5. Deborah Ann’s Sweet Shoppe

How Sweet It Is
Deborah Ann’s Sweet Shoppe, Ridgefield

August 27, 2012

dahYou know how when you look at pictures of your kids when they were young and you get all wistful and misty eyed because they were just so cute and perfect and fun? But that if your spouse happens by and reminds you of the true situation surrounding the cute pictures, it almost always ruins the moment?

The day we went to Deborah Anne’s in Ridgefield was a long day. We had spent a week at the beach in Delaware and visiting my family and now we were on our way home in Connecticut. With the boys sleeping, I took a rather long detour over to Ridgefield. Those of you familiar with Ridgefield know that there is no easy way to get out there. In fact, it’s a complete pain in the butt to get through Wilton – though if you ever do it, be sure to make a stop by Wave Hill Bread, arguably the best bread bakery in the state. (Our visit here.)

dafBut lo! Deborah Ann’s is the promised land! It’s worth it to get out there!

That’s what I told Hoang anyway. As the boys awoke due to the winding roads and stoplights once in Ridgefield, they were cranky and whiney. This, in turn, made Hoang cranky. Eh, nothing a little chocolate and ice cream can’t cure, right?

(Deborah Ann’s makes its own ice cream as well as chocolates. So yes, there’s another page on CTMQ about their ice cream, here.)

We all got some (excellent) ice cream first and while we eat that, let’s turn to the CT Chocolate Trail to read what they have to say about this joint:

What happens when you get two Yale Law School graduates together in a room? Chocolate, of course! Tired of the corporate legal world in New York City, this sweet couple now serves a variety of homemade chocolates, ice cream and an array of candies to guests. From humble beginnings of just a few types of chocolates, they now produce 70 varieties, including chocolate-covered pretzels, granola and marshmallow caramel. The rear of the store, which was originally part of a bank, has 1,300 square feet of open kitchen, so customers can observe truffles being hand-rolled.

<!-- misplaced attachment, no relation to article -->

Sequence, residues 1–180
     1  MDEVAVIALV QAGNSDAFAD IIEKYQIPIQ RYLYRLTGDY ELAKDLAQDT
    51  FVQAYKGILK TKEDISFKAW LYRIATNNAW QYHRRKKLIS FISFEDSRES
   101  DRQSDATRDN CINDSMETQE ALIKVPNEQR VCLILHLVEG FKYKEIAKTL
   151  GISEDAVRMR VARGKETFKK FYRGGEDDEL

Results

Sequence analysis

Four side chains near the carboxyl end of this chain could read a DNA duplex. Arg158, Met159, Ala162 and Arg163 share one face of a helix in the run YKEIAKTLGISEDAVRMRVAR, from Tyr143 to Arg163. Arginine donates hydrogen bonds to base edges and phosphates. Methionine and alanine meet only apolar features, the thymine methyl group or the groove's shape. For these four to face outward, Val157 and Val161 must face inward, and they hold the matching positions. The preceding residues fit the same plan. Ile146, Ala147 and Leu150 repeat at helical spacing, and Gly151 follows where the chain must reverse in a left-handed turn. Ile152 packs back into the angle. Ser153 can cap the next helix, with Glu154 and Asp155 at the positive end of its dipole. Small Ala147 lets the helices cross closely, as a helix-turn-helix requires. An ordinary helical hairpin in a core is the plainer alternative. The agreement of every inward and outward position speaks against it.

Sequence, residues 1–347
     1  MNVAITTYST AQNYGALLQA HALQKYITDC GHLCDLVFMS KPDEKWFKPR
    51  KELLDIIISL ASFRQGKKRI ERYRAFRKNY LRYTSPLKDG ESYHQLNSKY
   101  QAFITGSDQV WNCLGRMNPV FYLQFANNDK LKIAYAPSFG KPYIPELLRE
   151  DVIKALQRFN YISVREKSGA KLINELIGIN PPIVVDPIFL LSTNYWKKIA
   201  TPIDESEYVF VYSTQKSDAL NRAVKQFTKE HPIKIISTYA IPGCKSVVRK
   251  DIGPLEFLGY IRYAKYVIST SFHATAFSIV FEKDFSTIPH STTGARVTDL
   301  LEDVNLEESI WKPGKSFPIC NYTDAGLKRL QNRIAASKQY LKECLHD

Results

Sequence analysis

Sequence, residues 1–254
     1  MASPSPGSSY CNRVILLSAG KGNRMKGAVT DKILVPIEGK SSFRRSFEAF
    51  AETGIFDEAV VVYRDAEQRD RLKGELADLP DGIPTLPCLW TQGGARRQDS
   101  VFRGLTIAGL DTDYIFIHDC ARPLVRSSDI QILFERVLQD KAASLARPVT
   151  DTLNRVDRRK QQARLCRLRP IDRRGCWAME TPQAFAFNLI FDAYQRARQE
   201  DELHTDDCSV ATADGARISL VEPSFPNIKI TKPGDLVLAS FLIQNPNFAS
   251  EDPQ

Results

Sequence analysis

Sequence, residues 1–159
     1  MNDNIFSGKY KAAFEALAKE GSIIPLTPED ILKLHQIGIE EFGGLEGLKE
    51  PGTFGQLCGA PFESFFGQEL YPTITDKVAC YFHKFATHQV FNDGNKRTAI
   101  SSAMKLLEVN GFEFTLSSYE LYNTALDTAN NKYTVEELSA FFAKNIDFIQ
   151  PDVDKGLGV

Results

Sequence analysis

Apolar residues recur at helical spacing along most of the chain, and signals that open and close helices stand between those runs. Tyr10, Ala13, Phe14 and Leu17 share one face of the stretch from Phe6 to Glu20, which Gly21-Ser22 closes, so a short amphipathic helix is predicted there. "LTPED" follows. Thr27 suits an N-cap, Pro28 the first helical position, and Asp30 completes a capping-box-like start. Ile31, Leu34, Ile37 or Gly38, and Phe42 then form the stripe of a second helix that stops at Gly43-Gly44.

Look at Calvin in the bottom right here. Cracks me up.

That Yale part makes no sense, of course, but who cares. Calvin was a punk while eating his ice cream because apparently it’s a “thing” for 16-month olds to do EVERYTHING themselves, even when that thing is impossible. Like scooping his own ice cream with a flimsy plastic spoon.

dagAnyway, after the ice cream we moved over to the chocolate shop. It’s a large space (much, much larger than almost every other one on the Chocolate Trail) and includes a random little toy store type area, the glass cases full of their chocolates and then a large back room with non-Deborah Ann treats. They sell tons of classic candies here.

In fact, they make and sell something like 75 different bonbons, plus all sorts of truffles and barks and fudges and whatnot. There is a kitchen in the back where we saw chocolate being made, but I’ve also read that they have a plant in Brookfield as well. Doesn’t Bridgewater Chocolate make their treats in Brookfield too? Is Brookfield the chocolate capitol of Connecticut?


The boys had a great time here, trying to break various toys and doing their best to smear their faces and ice cream hands on the glass chocolate cases. And Hoang had a good time here as well, picking and choosing several types of bonbons and truffles to ease her transition back into the real Connecticut world of work and stress and stuff.

Deborah Ann’s is good for that, even if it’s a pain the butt to get to.



Deborah Ann’s Sweet Shoppe facebook page
CTMQ does the CT Chocolate Trail


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